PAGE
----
- Author: Maria Murrietta
- Contributor: Dr. David Headrick
We're now seeing the aftermath of this long rainy season. The heavier than normal rain has given us velvety green hills carpeted with an abundance of wildflowers. But we cannot overlook the other less pretty things that benefit from a wet winter – lots of weeds and insects.
For now, we'll focus on insects. They're already showing up in a news-worthy fashion. KSBY did a feature story on whiteflies and spoke with UC Master Gardener Cathryn Howarth.
This story has been posted on various social media pages and people are wondering if this whitefly is a new pest, where it came from and what can be done about it. I wanted to follow up to fill in some of the gaps in information. So, I went to Cal Poly entomology professor, Dr. David Headrick who has done quite a bit of research on whiteflies over the course of his career.
Here's what he had to say after watching the news story.
"The whitefly pictured on hibiscus (in the news story) is giant whitefly which came to California from Mexico. It was first noticed in San Diego County in the early 1990s. Hibiscus is a favored host plant, but they also are seen on citrus, but more commonly on the landscape plant Xylosma. In the mid-1990s, a biological control program began with researchers at the University of California, Riverside. They successfully imported two beneficial species of tiny stingless wasps that feed exclusively on giant whitefly and achieved excellent control of giant whitefly."
"Giant whitefly and the two beneficial wasps (pictured above) all occur in San Luis Obispo County and normally the populations are all under good control. When the giant whitefly first invaded SLO county in the early 2000s, the populations were enormous and made the news then also. But the wasps soon brought whitefly numbers under control. However, in some years since then, environmental conditions have favored the giant whitefly and allowed them to outpace their natural enemies. Eventually, the wasps will catch up and population balance will be restored."
"There are many species of whitefly, most are native species that cause no serious harm to their host plants. The whiteflies that you see on broccoli, citrus, oaks, and poinsettias are all different species. Some of the invasive species of whiteflies, like giant whitefly, can indeed kill their host plants."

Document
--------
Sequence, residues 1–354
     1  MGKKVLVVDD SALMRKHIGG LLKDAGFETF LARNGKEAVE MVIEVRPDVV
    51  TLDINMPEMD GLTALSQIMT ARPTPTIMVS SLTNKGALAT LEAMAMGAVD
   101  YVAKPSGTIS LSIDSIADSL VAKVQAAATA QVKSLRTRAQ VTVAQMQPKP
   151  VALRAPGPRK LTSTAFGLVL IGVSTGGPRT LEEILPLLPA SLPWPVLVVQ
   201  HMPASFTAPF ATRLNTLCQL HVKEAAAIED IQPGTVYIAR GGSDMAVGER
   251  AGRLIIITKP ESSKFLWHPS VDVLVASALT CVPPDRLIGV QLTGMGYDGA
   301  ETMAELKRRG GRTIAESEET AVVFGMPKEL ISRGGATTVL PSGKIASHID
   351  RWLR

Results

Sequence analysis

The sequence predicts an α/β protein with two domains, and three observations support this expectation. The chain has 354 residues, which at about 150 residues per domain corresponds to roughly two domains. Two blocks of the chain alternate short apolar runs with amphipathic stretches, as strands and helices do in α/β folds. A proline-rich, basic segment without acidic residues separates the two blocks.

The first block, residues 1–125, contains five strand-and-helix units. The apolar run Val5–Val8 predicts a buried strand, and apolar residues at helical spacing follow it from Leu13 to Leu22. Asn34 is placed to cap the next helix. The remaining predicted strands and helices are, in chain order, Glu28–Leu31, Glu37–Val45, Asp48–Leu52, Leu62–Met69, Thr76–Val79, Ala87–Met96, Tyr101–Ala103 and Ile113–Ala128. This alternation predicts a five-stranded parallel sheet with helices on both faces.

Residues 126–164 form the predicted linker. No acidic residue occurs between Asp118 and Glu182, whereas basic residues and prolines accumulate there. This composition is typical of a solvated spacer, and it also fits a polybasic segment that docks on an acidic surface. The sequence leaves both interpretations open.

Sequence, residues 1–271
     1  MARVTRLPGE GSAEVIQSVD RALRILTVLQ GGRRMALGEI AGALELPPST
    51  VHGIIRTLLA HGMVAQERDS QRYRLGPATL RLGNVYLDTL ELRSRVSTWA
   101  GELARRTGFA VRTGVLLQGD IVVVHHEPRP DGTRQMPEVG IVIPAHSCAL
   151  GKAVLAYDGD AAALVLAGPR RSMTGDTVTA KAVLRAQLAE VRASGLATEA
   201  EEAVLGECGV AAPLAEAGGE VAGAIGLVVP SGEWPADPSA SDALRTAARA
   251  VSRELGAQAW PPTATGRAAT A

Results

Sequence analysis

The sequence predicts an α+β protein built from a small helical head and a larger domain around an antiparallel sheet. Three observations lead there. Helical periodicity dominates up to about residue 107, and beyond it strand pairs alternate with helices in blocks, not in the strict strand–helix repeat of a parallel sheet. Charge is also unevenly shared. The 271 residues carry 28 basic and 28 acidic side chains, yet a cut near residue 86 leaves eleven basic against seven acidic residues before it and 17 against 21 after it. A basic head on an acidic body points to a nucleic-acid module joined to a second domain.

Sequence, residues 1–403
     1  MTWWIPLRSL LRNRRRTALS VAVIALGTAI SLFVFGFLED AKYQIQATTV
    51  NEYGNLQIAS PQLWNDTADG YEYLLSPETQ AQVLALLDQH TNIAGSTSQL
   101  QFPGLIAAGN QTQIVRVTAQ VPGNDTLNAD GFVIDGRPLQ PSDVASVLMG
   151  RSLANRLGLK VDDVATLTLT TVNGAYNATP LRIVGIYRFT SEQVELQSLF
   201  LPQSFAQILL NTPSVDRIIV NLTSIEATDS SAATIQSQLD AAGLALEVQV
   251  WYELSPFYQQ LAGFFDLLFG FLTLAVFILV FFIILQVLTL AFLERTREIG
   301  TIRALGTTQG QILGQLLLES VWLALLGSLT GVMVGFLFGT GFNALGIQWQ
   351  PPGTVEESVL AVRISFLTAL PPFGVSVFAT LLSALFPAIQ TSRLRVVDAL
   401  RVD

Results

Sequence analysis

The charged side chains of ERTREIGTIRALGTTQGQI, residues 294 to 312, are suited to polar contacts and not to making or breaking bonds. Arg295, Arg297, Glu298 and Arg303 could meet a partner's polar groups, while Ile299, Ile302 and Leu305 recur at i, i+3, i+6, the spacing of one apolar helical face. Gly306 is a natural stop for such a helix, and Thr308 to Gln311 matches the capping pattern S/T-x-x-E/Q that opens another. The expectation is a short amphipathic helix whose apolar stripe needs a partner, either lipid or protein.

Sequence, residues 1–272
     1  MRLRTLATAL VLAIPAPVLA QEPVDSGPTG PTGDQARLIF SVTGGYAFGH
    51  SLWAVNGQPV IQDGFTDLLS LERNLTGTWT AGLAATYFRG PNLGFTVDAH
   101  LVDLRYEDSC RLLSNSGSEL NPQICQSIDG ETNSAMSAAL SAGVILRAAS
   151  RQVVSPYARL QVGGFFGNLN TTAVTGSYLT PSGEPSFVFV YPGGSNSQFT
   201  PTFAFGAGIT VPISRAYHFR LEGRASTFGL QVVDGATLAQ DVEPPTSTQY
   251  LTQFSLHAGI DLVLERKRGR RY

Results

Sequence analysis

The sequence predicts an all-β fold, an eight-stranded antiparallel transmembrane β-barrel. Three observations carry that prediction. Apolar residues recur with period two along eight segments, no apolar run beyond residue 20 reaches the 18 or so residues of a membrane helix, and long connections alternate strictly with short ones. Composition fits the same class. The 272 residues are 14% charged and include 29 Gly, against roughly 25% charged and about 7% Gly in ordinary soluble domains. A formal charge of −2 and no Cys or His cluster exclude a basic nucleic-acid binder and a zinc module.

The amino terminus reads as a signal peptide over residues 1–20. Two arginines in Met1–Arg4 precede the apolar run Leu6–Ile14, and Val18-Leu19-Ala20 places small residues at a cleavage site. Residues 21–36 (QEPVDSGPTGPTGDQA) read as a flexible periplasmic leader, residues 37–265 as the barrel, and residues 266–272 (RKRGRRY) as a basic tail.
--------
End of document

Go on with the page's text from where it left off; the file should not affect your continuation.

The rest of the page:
"As for management, spraying plants with the garden hose is a good approach when numbers are low."
Thank you, Dr. Headrick, for your insights.
UC Master Gardeners always recommend monitoring your plants regularly to catch pest populations before they become a problem. Whiteflies can be observed any time of day. Remember to flip over the leaves to look for evidence of nymphs and the waxy coating as pictured below. Insecticides, such as horticultural oils may provide some relief. However, direct contact with the insect is necessary to smother and kill them which is difficult to achieve, particularly for whiteflies that congregate under the waxy coating on the underside of leaves.
If you have questions about plant or pest issues, call the Master Gardener Helpline
Arroyo Grande: 805-473-7190
SLO Office: 805-781-5939
Or email us at firstname.lastname@example.org
Looking for more?
- Visit UC IPM for more photos and information: http://ipm.ucanr.edu/PMG/PESTNOTES/pn7401.html
- For more information about the early biological control program and findings -
UC Riverside research paper - http://www.nhm.ac.uk/resources/research-curation/projects/chalcidoids/pdf_X/BellowMe2000b.pdf
Cal AG article - http://calag.ucanr.edu/Archive/?article=ca.v051n06p5
- And if you really want o geek out, like I sometimes do, check out this catalog of introduced species - https://bugwoodcloud.org/resource/pdf/FHAAST-2018-09_Arthropod_Biological_Control.pdf
- Author: Maria Murrietta
- Contributor: Kim Corella
Beetle borers. They are very small and they cause a lot of damage to trees, including death.
These insects have not been found yet in our County but they are very close and we are especially concerned about the ISHB which can attack over 110 tree species. Many of these are native riparian species such as Sycamore, Cottonwood, Alder, Willows, Box Elders and this insect also attacks coast live oak and valley oaks.
Cal Fire, the City of San Luis Obispo and UC Ag and Natural Resources are offering a workshop to educate the public about these two serious pests. Early efforts and education are key in preventing an attack on a wide range of tree species in San Luis Obispo County.
Here is a message from Kim Corella of Cal Fire:
I am excited to announce that we are having an invasive shot hole borer (ISHB) and goldspotted oak borer (GSOB) workshop here in San Luis Obispo on May 9th from 9:30-2:30.
This workshop will address biology, identification, surveillance, and management of infested trees, downed wood, and firewood. We'll cover these topics in the classroom, then have a hands-on lab to learn how to identify signs of shot hole borer damage, set up a monitoring program, and sample trees.
$30.00 registration fee includes lunch, a ISHB Field Guide, and ISHB Demonstration Kit. Pre-registration is required. Click here to register.